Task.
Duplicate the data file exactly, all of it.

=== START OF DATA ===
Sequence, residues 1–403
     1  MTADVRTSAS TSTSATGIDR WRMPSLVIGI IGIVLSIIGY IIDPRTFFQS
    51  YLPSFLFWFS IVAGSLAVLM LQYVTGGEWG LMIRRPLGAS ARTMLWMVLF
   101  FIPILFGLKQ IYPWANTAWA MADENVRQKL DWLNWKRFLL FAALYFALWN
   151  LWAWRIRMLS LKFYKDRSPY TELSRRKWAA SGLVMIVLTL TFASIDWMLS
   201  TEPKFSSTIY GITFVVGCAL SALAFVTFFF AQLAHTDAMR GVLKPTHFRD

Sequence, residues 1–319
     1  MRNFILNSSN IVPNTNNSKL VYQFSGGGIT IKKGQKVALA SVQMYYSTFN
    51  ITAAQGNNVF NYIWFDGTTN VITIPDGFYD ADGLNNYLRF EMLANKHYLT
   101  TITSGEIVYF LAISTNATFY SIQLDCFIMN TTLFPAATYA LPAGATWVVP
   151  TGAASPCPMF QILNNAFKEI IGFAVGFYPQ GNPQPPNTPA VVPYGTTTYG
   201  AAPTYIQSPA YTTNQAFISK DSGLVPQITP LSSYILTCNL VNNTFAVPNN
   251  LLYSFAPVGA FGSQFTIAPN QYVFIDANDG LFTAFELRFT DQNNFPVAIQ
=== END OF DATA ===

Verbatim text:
Sequence, residues 1–403
     1  MTADVRTSAS TSTSATGIDR WRMPSLVIGI IGIVLSIIGY IIDPRTFFQS
    51  YLPSFLFWFS IVAGSLAVLM LQYVTGGEWG LMIRRPLGAS ARTMLWMVLF
   101  FIPILFGLKQ IYPWANTAWA MADENVRQKL DWLNWKRFLL FAALYFALWN
   151  LWAWRIRMLS LKFYKDRSPY TELSRRKWAA SGLVMIVLTL TFASIDWMLS
   201  TEPKFSSTIY GITFVVGCAL SALAFVTFFF AQLAHTDAMR GVLKPTHFRD

Sequence, residues 1–319
     1  MRNFILNSSN IVPNTNNSKL VYQFSGGGIT IKKGQKVALA SVQMYYSTFN
    51  ITAAQGNNVF NYIWFDGTTN VITIPDGFYD ADGLNNYLRF EMLANKHYLT
   101  TITSGEIVYF LAISTNATFY SIQLDCFIMN TTLFPAATYA LPAGATWVVP
   151  TGAASPCPMF QILNNAFKEI IGFAVGFYPQ GNPQPPNTPA VVPYGTTTYG
   201  AAPTYIQSPA YTTNQAFISK DSGLVPQITP LSSYILTCNL VNNTFAVPNN
   251  LLYSFAPVGA FGSQFTIAPN QYVFIDANDG LFTAFELRFT DQNNFPVAIQ